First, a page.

Perungudi and Kodungaiyur — the city’s dumping yards are an eyesore. Smoke, stench, pollution, illness, dislocation and protest have become keywords in civic news reports, of late. Even as the Chennai Corporation is in the final stages of finding a solution to its problem of garbage accumulation, protests by residents are shifting the focus of civic response from the real issue.

Residents of localities in the vicinity of dumping yards have emerged successful this week in making the civic body scramble to redress their grievances in the short term. Consequently, the focus of conservancy operations continues to shift from meticulous primary collection and innovative secondary transport to strengthening of dumping yards.

The civic machinery is focussed on pacifying residents who are up in arms. As a result, work on constructing roads inside the dumping yard will soon be completed and vacant green patches will soon be filled with mounds of garbage. All this will result in groundwater pollution because of leachate as the civic body has not constructed concrete structures around the landfill as per environmental safety mandates.

Had the civic body utilised technology to separate leachate at the secondary transport stage, the new proposal to dump garbage in additional areas in Kodungaiyur would have had lesser impact on the environment. In cities such as Mumbai, garbage is compacted into dry cakes after separating leachate at the transfer station. The water is then treated and reused. The garbage cakes are placed in a proper arrangement in the dumping yards, preventing uncontrolled pollution of groundwater.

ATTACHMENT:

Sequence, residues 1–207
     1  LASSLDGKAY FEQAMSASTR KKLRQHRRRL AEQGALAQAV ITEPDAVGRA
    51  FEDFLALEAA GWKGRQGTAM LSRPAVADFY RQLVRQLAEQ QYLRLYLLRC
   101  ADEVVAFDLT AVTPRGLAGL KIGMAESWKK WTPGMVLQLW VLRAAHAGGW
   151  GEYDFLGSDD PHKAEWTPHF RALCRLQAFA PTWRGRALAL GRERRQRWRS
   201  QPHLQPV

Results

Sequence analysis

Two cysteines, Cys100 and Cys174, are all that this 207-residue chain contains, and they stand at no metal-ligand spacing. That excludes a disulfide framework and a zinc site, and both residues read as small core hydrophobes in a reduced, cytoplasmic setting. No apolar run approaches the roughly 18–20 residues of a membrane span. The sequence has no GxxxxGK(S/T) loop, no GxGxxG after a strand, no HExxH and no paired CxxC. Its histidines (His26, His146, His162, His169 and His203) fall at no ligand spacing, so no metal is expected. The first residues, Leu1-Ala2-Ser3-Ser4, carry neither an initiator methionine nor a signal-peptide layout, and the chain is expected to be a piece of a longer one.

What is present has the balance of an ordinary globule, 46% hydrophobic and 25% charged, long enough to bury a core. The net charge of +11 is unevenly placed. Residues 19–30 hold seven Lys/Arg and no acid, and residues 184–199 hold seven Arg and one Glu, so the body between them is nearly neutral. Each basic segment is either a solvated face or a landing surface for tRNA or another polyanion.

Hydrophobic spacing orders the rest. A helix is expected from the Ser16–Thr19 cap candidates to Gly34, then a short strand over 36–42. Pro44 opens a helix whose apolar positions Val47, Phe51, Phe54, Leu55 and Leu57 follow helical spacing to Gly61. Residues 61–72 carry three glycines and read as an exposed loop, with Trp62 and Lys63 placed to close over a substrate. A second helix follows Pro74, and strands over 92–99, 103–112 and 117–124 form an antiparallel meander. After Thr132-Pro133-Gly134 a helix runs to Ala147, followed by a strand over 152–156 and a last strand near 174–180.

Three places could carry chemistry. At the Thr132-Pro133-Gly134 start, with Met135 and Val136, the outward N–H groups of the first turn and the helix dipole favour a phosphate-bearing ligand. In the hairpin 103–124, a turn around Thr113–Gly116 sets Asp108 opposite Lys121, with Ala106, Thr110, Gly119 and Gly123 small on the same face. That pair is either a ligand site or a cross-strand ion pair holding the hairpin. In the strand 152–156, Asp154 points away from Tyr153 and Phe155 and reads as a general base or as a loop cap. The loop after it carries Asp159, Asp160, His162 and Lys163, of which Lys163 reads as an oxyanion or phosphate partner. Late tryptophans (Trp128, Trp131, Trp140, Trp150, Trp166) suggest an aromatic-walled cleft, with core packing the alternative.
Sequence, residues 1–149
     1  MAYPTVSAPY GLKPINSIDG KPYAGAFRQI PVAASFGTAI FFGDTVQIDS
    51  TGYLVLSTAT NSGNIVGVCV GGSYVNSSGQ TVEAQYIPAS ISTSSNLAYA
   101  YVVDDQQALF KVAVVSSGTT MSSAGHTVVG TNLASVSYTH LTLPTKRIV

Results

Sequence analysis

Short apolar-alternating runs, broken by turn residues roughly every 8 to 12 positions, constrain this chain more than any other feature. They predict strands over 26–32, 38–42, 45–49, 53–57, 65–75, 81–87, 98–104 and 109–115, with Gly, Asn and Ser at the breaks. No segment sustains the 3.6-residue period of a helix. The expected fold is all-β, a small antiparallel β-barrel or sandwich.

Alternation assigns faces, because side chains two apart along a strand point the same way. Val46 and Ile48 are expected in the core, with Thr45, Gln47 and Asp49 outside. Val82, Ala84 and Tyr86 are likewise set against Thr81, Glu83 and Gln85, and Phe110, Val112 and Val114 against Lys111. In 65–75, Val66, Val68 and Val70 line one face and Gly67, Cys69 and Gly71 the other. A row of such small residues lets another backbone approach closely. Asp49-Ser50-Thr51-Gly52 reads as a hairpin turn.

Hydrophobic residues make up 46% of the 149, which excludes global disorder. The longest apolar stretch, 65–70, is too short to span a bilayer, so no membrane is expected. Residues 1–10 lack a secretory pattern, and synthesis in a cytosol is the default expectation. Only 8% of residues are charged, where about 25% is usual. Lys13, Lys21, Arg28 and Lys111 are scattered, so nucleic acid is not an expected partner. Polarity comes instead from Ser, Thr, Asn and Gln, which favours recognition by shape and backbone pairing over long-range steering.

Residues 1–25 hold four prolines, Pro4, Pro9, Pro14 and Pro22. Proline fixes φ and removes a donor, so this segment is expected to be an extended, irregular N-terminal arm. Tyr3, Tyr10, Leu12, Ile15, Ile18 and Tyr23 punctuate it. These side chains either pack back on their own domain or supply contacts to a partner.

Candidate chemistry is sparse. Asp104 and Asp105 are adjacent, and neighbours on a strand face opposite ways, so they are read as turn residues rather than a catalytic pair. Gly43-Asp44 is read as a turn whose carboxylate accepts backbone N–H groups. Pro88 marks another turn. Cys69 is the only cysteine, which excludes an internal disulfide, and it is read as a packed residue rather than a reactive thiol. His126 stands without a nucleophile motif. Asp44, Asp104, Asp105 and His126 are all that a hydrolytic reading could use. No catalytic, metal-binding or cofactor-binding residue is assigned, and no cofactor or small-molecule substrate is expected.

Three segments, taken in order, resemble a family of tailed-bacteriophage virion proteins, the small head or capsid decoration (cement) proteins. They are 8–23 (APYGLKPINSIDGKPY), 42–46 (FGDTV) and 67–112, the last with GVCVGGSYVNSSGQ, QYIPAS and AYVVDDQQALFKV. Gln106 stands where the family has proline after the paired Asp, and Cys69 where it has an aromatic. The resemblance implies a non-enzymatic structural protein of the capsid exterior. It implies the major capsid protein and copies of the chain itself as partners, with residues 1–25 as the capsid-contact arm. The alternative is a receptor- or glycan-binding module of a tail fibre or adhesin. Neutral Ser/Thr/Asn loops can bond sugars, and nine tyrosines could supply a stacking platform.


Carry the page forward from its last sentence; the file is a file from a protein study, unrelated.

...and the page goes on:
Chennai needs similar technology to handle over 4,500 tonnes of garbage generated in a day. Civic body officials, however, are wary of such technology as a number of solid waste management projects across Indian cities have failed.

Utilisation of technology to handle garbage, however, is the only hope for residents who want remediation and closure of the existing dumping yards in Perungudi and Kodungaiyur.

In a bid to reverse the environmental damage in the above sites, the civic body invited expression of interest for two more solid waste management initiatives from multinational companies soon after the new Corporation council took charge. This includes design of scalable and modular plants with a capacity of processing 10,000 tonnes of municipal solid waste per day. Such projects, however, will have an impact on the environment. Technology suited to source segregation is the best possible solution under the circumstances. The civic body must strike a balance between meticulous primary collection, innovative secondary transport and environmentally-sustainable sites that process garbage.

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